Personal Protective Equipment (cont.)
Jeffrey L Arnold, MD, FACEP
Francisco Talavera, PharmD, PhD
Raymond J Roberge, MD, MPH, FAAEM, FACMT
How Exposure Occurs
- Routes of exposure to biological warfare agents: Exposure is most likely to occur when victims breathe (inhalation) biological agents released into the air (aerosols). Very tiny particles are inhaled most efficiently into the lungs. Mucous membranes or breaks in the skin also are vulnerable and require protection against biological warfare agents. However, skin contact does not pose a significant risk, because intact skin provides an effective barrier to all biological agents except trichothecene mycotoxins. Insignificant amounts of aerosolized particles stick to clothing or skin. It is difficult to get particles into the air once they have been released and landed (this is called secondary aerosolization). People are sometimes exposed by ingestion, which may occur with hand-to-mouth contact or by swallowing contaminated secretions. Follow these eMedicine links to anthrax, smallpox, and plague to learn more.
- Routes of exposure to chemical warfare agents: Exposure to chemicals and chemical warfare agents occurs by inhaling chemical gas or vapor. Exposure also occurs by direct contact of the eyes or skin to chemical vapor or liquid. Mucous membranes are particularly vulnerable, because moisture promotes the absorption of many chemicals. Ingestion is a minor route of exposure. Follow this eMedicine link to chemical warfare to learn more.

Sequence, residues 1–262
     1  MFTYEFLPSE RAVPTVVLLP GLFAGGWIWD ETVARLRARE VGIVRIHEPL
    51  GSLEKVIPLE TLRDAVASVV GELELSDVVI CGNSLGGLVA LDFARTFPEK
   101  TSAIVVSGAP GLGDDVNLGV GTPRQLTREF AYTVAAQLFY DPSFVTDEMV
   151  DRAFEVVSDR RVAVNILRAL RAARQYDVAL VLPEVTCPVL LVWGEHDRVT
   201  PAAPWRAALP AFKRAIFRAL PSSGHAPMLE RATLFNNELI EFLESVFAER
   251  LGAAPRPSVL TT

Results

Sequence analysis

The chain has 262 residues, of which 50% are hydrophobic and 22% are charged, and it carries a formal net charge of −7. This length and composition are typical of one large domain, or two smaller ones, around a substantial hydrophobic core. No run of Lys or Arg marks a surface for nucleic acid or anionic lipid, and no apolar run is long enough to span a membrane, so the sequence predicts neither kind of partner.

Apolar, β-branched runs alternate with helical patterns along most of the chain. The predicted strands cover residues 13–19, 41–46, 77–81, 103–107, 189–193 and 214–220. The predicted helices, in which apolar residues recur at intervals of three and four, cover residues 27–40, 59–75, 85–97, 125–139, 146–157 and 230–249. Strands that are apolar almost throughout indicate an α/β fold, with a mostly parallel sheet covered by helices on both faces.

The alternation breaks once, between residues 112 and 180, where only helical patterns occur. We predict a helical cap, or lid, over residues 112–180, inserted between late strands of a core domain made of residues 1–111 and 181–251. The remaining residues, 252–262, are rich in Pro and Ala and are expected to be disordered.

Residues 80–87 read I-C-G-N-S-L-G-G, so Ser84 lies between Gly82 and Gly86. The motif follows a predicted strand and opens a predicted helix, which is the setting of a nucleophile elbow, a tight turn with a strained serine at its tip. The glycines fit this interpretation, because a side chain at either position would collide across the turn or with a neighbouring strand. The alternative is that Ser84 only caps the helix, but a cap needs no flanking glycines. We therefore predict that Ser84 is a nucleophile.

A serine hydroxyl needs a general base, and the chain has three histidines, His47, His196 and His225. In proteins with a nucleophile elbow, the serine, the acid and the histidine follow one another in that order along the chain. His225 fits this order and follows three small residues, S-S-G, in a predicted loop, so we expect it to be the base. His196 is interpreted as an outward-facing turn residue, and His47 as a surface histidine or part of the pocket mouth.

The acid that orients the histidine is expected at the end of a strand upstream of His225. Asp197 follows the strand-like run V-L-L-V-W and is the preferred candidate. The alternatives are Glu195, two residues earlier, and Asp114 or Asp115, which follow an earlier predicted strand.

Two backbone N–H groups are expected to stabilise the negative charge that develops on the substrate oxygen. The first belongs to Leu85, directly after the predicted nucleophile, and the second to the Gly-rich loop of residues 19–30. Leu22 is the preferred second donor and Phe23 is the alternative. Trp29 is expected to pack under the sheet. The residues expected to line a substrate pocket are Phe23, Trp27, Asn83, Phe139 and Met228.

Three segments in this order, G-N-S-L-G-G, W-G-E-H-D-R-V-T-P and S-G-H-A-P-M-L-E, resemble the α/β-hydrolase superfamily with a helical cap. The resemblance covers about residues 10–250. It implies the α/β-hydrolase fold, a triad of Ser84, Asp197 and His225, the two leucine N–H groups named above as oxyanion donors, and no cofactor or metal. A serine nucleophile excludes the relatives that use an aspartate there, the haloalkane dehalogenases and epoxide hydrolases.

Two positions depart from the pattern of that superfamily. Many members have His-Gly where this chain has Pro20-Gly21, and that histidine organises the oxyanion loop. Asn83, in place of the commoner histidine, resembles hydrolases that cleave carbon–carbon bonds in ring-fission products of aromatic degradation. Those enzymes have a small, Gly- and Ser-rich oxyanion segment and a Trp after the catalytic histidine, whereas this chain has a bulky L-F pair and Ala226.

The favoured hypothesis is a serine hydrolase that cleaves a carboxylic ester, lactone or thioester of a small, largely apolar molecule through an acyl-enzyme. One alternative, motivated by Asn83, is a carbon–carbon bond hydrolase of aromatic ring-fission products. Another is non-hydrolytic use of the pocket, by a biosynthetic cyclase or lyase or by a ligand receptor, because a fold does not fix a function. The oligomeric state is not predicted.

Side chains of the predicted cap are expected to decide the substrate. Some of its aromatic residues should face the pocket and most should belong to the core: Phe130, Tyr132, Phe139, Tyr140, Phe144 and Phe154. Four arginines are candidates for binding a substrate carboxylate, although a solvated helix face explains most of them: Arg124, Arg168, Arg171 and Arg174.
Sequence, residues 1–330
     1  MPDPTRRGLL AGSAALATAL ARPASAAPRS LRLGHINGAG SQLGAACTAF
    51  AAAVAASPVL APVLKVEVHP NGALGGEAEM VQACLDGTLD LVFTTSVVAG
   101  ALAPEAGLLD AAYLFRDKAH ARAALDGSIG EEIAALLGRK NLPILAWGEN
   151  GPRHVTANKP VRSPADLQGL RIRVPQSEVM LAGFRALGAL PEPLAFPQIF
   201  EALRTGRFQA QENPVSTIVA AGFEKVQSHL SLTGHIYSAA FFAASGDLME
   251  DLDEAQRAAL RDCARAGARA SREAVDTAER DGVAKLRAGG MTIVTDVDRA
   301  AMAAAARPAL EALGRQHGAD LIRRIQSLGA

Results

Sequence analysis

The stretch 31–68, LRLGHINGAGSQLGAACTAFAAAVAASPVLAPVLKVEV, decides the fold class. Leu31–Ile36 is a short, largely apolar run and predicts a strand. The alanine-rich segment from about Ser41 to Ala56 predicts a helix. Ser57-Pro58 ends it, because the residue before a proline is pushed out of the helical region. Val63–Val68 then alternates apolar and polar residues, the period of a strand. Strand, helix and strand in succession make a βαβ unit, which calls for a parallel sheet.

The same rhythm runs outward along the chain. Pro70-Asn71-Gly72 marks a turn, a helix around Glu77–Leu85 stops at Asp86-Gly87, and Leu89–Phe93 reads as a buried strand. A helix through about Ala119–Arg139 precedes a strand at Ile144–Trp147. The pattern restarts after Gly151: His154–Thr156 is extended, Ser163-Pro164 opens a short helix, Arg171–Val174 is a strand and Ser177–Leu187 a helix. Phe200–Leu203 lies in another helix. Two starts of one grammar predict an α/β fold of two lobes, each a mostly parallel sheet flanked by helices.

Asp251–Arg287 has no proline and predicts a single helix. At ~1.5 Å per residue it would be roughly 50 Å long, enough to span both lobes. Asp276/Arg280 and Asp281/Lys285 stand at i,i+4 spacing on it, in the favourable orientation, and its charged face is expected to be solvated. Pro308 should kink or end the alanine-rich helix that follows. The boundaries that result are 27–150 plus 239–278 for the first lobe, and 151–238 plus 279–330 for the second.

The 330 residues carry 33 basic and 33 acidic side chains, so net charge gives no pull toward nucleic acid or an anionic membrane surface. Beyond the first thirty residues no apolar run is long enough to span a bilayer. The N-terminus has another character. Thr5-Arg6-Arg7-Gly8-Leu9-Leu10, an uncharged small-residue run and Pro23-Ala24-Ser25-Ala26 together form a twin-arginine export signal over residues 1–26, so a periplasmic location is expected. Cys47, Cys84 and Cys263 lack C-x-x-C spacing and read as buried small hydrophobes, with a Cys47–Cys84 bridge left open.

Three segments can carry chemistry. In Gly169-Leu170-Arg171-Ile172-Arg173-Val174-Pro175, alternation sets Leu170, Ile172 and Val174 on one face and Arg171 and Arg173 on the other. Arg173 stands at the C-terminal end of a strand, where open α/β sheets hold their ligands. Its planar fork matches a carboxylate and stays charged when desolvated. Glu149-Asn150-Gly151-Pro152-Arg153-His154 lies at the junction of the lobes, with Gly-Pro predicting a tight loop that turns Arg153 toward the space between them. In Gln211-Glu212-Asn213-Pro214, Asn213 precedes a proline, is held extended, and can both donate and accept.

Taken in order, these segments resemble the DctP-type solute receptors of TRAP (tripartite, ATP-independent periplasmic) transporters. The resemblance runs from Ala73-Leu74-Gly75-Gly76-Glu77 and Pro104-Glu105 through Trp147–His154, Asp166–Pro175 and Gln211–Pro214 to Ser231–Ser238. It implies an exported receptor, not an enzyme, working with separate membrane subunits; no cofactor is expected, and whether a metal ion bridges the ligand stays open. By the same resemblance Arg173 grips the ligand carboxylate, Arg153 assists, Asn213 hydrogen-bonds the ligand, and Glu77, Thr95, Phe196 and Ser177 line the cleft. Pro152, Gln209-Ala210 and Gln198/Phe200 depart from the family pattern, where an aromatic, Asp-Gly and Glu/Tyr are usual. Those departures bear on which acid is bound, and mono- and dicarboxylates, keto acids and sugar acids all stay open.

- Routes of exposure to radioactive agents: People exposed to beams of ionizing radiation (for example, patients receiving diagnostic x-rays) do not emit radiation and therefore pose no radiation danger to others. In the setting of an explosion, fire, or spill of radioactive material, however, victims can become contaminated with radiation-emitting material. External contamination occurs when radioactive material gets on a victim's clothing, skin, or hair. Victims also can become contaminated internally if radioactive material enters the body through the gastrointestinal tract, an open wound, or, less likely, inhalation of highly radioactive dust. In any situation, the goal of personal protective equipment is to prevent the transfer of radioactive material from the victim to the rescuer until the victim is decontaminated.
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